If we can raise these women up and hold them as examples within their communities then it will not only create role models for younger girls but also give women the confidence and the reassurance that their contribution to society is not being ignored.

    So on that note I believe that it can be argued that Ghanaian leaders are not capitalizing on local talents enough.

    You have some interesting points which I will raise to Ms Dansua when we next speak and I will share her answers on this blog.

    I will also copy and paste this on the actual article so that people who read it will be able to benefit from our views and also share their perspective if they so wish.

  5. I’m hopeful the indigenous young leaders of tomorrow will emerge with the commitment to be their brothers and sisters keepers. These new leaders like you and your peers will champion social responsibility and the rule-of-law in Ghana.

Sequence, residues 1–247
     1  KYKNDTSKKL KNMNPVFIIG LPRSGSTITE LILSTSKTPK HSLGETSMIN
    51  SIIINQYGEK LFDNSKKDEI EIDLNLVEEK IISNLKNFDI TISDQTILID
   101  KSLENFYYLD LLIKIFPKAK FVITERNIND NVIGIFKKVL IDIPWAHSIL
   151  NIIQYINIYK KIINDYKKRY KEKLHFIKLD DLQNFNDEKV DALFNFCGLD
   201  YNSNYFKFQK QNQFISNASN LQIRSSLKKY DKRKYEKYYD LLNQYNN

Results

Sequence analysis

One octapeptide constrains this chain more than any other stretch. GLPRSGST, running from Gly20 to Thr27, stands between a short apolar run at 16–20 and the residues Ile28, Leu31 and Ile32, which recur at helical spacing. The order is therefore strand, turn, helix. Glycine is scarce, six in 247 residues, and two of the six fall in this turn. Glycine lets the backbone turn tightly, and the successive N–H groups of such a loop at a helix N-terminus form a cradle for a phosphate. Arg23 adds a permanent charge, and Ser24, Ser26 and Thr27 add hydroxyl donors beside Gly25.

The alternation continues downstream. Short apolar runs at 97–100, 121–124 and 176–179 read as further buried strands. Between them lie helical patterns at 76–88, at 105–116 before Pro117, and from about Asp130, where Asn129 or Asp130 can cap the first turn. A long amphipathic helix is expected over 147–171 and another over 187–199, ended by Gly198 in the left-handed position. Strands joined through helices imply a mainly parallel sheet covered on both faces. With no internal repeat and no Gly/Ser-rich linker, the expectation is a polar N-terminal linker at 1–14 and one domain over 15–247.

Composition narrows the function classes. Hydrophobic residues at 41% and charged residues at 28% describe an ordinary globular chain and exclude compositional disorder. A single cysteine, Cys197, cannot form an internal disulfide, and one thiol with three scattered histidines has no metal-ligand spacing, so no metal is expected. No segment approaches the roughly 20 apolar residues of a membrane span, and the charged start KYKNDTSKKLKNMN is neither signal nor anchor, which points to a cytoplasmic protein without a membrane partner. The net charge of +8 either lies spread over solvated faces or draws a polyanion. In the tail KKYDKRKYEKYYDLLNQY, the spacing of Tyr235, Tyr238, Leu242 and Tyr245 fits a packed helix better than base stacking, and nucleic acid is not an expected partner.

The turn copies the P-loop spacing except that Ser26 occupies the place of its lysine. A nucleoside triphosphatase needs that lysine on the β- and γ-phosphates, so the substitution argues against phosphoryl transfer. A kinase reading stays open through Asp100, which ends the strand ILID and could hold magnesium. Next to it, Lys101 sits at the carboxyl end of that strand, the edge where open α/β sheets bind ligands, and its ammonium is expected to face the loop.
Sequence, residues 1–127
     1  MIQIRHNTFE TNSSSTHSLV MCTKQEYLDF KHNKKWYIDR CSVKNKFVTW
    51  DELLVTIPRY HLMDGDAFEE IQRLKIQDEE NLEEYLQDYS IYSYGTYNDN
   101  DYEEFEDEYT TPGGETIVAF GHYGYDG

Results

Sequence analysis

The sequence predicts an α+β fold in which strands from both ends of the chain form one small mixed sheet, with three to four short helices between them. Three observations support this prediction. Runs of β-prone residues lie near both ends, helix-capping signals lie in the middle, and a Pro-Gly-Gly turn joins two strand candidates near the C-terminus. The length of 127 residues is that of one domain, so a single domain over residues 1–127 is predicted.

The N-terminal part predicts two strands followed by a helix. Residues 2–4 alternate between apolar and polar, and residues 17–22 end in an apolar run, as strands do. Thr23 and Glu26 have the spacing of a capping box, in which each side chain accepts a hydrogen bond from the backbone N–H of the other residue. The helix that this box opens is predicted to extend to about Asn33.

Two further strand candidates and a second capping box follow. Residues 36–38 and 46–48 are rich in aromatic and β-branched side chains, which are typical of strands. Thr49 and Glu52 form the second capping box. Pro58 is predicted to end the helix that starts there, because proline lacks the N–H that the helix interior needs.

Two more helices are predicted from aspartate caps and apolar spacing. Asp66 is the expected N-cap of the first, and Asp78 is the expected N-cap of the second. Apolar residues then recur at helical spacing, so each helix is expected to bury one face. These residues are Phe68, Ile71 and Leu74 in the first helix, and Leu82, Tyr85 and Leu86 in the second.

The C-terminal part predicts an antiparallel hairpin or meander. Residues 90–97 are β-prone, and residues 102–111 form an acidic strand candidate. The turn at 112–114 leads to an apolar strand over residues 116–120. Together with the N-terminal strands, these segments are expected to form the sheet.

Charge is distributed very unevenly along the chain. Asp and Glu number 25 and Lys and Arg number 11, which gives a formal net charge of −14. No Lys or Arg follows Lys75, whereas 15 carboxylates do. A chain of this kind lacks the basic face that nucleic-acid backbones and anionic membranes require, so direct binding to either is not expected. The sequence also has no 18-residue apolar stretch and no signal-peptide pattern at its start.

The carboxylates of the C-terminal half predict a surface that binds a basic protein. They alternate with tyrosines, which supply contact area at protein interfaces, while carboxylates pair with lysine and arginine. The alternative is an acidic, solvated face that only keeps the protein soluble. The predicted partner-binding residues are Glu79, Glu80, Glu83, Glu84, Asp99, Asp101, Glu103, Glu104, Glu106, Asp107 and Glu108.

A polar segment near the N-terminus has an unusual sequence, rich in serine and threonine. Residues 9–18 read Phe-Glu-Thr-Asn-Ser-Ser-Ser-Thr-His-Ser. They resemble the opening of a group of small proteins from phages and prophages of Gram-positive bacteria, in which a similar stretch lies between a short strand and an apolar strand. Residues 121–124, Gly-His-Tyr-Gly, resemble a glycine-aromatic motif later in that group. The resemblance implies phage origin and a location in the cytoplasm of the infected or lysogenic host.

Developing countries like Ghana can turn the page on socio-cultural empowerment strategy but, first the young leaders of tomorrow has to stop looking at the old establishment leaders to solve social & business challenges.
    I've been a member of an organization called Technology Entertainment Design ( TED ) for over 9 years. It's a place of innovative ideas from leaders all over the world who really “GET-IT”. The 2007 TED Conference, there was a speaker by the name George Ayittey. His talk really illustrates my point. I encourage others to view his talk online. It’s now available at the TED website.
    Here is the link: ( ).
    Both, women and men future young leaders of tomorrow must begin the process of thinking like entrepreneurs in this knowledge base global economy. The traditional western business school models (Land, Labor, Natural resources ) factors of production as the catalyst for nations self empowerment has always been to serve the Master whomever that may be at a given country’s leadership.
    Colleges and Universities has been teaching this traditional western business school models and will continue to do so; however, I'm my opinion it was never design to encourage entrepreneurial thinking at the grass root level. It has only been made available to those lucky to attend Business Schools, Colleges and Universities. What then become of those in the developing countries like Ghana that do not have access to such knowledge at the grass-roots?